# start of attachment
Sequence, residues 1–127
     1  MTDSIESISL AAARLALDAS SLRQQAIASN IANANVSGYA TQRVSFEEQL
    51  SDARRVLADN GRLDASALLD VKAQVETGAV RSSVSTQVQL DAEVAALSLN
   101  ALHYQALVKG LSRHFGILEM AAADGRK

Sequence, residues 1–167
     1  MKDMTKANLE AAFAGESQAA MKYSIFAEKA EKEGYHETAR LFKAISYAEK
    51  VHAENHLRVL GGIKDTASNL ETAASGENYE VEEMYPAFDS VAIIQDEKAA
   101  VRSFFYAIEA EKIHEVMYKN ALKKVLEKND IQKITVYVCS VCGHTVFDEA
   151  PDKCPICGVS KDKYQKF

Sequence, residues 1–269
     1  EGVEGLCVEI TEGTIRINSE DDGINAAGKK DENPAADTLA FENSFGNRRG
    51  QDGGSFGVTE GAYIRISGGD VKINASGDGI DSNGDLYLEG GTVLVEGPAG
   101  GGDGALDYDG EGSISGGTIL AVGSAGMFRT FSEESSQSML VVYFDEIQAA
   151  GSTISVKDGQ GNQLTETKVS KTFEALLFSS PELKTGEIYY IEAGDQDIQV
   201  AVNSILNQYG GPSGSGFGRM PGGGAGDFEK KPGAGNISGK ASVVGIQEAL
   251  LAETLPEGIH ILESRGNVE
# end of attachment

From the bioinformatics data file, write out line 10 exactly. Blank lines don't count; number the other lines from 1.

Sequence, residues 1–269